Hate crimes will continue in the months just before and after 2000. The perpetrators will be Christian, white, men. The timing or the location will be symbolically patriotic, such as the Independence Day weekend murders in Illinois and Indiana, or the Federal Building in Oklahoma City. The target will be people who are not white or the government which is blamed for allowing them to become more prominent in the US. The reason will be that the US is not a country where white, Christian, male, domination is assured.
If this is not clear to you, you should look at each element more closely.
White domination is not assured, because the white population is declining in proportion to the nonwhite population. Christian domination is not assured, because non-Christians are increasingly visible and numerous. Male domination is not assured, because gender geopolitics has shifted, people's sexual identity has become more ambiguous or confrontational.
In the next five years, "Hispanic" Americans will outnumber African Americans (with about 13% of total US population) and "nonwhite" will outnumber "white male" (with about 34% of the total). As a result of the 2000 Census, there will be a large increase in Native American, Latino, and African-American heritage, if people acknowledge their cross-over identities honestly.
So white males will be less than 1/3 of the US population in 2001-2005, white females will be slightly more than 1/3, and people of color-people with Asian, Latin, African, and Native heritage-will be about 1/3. Then from 2005 to 2050, white males and females combined will go from 70% of the US to 50%. And by 2051 or 2052, white people (people from Europe, people with two Anglo parents) will be less than half the US as a whole (which is already the case in thousands of localities).
Thus endeth the White Ages in American history. We are seeing the White Rage that accompanies the end of that era.
The way we officially classify, categorize and label people is a key to this predicament. The US government reduces the 6000 cultures in the world to 5. We count people according to what continent they came from, or which one their parents came from. We've imposed labels on each other, we're sorting ourselves for some kind of global comparison. And then we're shocked when someone takes aim at someone from another continent.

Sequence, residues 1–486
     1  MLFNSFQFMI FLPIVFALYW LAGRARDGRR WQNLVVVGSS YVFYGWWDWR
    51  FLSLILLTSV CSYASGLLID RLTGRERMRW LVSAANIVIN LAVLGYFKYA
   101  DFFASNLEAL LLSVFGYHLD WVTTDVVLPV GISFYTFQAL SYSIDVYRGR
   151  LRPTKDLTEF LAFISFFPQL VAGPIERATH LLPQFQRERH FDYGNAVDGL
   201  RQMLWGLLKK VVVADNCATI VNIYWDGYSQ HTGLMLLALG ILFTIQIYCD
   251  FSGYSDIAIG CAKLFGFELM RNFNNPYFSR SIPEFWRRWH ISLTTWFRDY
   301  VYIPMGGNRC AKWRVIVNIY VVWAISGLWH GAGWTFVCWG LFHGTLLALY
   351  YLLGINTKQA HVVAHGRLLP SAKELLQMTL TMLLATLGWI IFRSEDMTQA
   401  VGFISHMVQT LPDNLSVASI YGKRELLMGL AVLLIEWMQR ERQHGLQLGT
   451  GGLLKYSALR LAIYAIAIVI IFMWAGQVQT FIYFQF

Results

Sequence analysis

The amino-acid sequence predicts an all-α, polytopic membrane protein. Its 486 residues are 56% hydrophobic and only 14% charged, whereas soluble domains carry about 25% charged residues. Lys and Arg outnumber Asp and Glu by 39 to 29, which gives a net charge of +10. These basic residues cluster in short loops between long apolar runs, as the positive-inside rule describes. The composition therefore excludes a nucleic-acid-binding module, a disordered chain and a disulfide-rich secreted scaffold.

Do human societies need a caste system, a pecking order? Do we need to sort the world into people like us and not like us? Do some people need to feel special or superior? Apparently, this is a biological fact. Low status is accompanied by low seratonin levels.
Christian white male nationalism is part of the political platform of some politicians. It also works with two out of three-there is white Christian nationalism, shared by men and women. There is male Christian nationalism, seen in the Promise Keepers, among others.
We have seen varieties of nationalism in the Balkans recently, in Bosnia and Kosovo. We have seen what happens when people turn against their neighbors. We use foreign terms when it occurs in other countries--putsch, purge, ethnic cleansing. When it occurs in the US, it's called hate crimes or domestic terrorism..
We are told that the boys who killed their classmates at Columbine High School in Litttleton, Colorado, targeted athletes/jocks and blacks. The man who shot Hasidic Jews, a Korean, and a black man over July 4th weekend in Illinois and Indiana was a member of a white supremacy church.
When we label and count people the way we do in the USA we are playing demographic roulette. We should stop it. Why do we want to know what a person's family tree is? Why do we want to record the genealogy, the bloodline? Why do we keep it impersonal, never getting to know the individual, but only looking at the continent someone came from, or the general color of their skin, or what their spiritual observance is? What difference does that make to anything, least of all to being American?
You know the US Department of Agriculture's idea of the 7 basic food groups?
Maybe we should ask people-who do you know from the 7 basic continents?
We could use a measure of diversity according to how many continents
the people you know, or meet each day, come from. In a typical day,
do you have contact with someone with a background from Asia, from
Europe, from South America, and from Africa? You would have a score
of 4 out of 7. Or you might know a person from Australia. And then
there is Antarctica. Penguin power.
--July 5, 1999